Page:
• “film” in Trésor de la langue française informatisé (The Digitized Treasury of the French Language).

Hungarian

Etymology

Borrowed from English film.

Pronunciation

  • IPA(key): [ˈfilm]
  • Hyphenation: film
  • Rhymes: -ilm

Noun

film (plural filmek)

  1. (photography) film (a medium used to capture images in a camera)
  2. film, movie, motion picture, picture (a recorded sequence of images displayed on a screen at a rate sufficiently fast to create the appearance of motion)
  3. film, cinematic art, cinema, cinematography (the art of making films and movies)

Declension

Derived terms

References

Further reading

  • film in Bárczi, Géza and László Országh. A magyar nyelv értelmező szótára (’The Explanatory Dictionary of the Hungarian Language’). Budapest: Akadémiai Kiadó, 1959–1962. Fifth ed., 1992: →ISBN

Indonesian

Etymology

From earlier pilem, from Dutch film, from English film.

Pronunciation

  • (standard) IPA(key): [ˈfɪlm]
  • (Betawi) IPA(key): /ˈfɪl(ə)m/, /ˈpeləm/

Noun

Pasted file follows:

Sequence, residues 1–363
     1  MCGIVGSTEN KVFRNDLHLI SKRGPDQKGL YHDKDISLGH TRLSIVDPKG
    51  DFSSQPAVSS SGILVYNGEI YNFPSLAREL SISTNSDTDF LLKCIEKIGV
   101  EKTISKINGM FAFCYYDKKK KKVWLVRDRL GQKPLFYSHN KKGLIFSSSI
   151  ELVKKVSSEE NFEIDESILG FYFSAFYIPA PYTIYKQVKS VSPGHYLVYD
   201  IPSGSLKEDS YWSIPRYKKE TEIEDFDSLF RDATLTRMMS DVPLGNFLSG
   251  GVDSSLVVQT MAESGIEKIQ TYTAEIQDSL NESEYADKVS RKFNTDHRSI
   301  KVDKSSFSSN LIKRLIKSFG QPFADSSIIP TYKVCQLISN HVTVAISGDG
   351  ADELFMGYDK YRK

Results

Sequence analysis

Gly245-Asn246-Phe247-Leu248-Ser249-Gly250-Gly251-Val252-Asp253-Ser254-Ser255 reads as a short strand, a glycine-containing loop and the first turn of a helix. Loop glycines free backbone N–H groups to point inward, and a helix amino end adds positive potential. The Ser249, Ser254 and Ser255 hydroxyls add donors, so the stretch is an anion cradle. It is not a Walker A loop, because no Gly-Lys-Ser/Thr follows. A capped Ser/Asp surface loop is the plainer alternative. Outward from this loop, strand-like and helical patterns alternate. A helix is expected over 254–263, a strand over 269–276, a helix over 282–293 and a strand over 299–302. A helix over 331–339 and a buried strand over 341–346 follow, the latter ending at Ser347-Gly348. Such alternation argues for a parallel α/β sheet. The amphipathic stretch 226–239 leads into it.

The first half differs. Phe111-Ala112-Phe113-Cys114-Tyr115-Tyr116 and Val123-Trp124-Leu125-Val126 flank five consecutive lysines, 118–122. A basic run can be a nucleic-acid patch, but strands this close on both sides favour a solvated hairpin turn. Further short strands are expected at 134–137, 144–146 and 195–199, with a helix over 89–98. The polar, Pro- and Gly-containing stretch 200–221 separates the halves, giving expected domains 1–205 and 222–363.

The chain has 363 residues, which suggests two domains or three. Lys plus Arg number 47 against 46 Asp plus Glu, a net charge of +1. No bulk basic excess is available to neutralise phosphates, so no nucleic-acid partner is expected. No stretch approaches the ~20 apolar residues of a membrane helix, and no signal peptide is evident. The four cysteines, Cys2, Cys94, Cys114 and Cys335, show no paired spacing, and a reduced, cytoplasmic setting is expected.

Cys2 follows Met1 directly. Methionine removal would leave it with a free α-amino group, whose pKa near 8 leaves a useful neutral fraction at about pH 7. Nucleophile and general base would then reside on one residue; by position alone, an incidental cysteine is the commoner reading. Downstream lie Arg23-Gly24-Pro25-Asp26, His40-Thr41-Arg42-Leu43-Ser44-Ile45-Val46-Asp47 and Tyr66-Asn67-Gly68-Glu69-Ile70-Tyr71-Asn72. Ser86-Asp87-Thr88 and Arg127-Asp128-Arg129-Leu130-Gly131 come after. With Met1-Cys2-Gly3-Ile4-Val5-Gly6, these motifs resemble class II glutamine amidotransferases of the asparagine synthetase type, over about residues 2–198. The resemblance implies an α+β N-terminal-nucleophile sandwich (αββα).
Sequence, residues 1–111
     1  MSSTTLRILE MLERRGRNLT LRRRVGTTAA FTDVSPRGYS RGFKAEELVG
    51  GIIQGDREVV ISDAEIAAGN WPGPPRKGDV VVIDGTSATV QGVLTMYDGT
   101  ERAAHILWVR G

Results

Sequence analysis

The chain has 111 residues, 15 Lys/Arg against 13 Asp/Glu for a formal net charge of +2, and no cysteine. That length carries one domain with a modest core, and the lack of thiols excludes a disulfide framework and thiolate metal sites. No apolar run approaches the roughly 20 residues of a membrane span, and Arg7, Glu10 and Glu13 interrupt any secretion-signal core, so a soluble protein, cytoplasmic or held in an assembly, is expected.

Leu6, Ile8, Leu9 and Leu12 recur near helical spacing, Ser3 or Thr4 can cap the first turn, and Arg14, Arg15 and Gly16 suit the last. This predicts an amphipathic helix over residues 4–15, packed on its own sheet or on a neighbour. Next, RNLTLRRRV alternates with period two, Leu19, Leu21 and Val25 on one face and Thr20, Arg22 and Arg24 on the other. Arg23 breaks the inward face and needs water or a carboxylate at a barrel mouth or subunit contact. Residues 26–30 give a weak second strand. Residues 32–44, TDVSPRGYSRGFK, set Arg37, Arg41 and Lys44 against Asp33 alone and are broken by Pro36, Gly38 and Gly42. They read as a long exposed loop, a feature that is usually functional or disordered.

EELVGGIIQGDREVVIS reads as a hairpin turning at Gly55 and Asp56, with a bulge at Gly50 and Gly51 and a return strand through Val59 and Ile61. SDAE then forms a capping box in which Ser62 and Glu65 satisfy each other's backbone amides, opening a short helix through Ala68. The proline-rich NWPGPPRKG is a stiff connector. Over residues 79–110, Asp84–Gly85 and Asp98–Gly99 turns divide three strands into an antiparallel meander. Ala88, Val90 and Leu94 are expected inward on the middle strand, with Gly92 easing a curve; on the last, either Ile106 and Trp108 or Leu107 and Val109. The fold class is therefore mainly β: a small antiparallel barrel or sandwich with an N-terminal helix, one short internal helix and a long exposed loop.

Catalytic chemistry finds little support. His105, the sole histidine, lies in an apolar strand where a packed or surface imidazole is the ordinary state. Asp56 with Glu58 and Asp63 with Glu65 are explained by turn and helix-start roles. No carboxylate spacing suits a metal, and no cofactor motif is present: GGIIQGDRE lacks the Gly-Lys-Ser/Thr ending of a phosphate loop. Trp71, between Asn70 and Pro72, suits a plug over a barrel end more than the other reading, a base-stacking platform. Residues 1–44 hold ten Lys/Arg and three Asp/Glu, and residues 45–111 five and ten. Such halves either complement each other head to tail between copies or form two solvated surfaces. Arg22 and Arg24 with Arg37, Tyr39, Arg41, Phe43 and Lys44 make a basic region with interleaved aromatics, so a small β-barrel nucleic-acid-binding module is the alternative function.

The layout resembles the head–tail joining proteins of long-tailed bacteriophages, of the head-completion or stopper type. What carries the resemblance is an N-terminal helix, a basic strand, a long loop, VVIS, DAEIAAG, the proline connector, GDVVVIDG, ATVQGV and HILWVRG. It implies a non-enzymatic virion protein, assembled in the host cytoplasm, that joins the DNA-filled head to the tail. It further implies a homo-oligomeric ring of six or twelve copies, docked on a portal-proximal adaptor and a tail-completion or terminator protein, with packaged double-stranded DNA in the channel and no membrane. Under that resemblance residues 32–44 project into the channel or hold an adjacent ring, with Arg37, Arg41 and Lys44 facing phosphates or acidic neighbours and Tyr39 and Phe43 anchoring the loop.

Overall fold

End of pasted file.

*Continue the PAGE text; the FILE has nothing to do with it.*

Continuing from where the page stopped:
film (first-person possessive filmku, second-person possessive filmmu, third-person possessive filmnya)

  1. film,
    1. a thin layer of some substance; a pellicle; a membranous covering, causing opacity.
    2. (photography) a medium used to capture images in a camera.
    3. a movie, a motion picture, a recorded sequence of images displayed on a screen at a rate sufficiently fast to create the appearance of motion.

Alternative forms

  • filem (Brunei, Malaysia, Singapore)

Affixed terms

Further reading

  • “film” in Kamus Besar Bahasa Indonesia (KBBI) Daring, Jakarta: Badan Pengembangan dan Pembinaan Bahasa, Kementerian Pendidikan dan Kebudayaan Republik Indonesia, 2016.

Italian

Etymology

From English film.

Pronunciation

  • IPA(key): /ˈfilm/

Noun

film m (invariable)

  1. film, movie
    Synonym: pellicola

Derived terms

See also

  • cinema

Further reading

  • film in Treccani.it – Vocabolario Treccani on line, Istituto dell’Enciclopedia Italiana

Norman

Etymology

Borrowed from English film.

Noun

film m (plural films)

  1. (Jersey) movie, film

Norwegian Bokmål

Noun

film m (definite singular filmen, indefinite plural filmer, definite plural filmene)

  1. a film (for taking photographs in a camera)
  2. a film (thin material, layer or coating)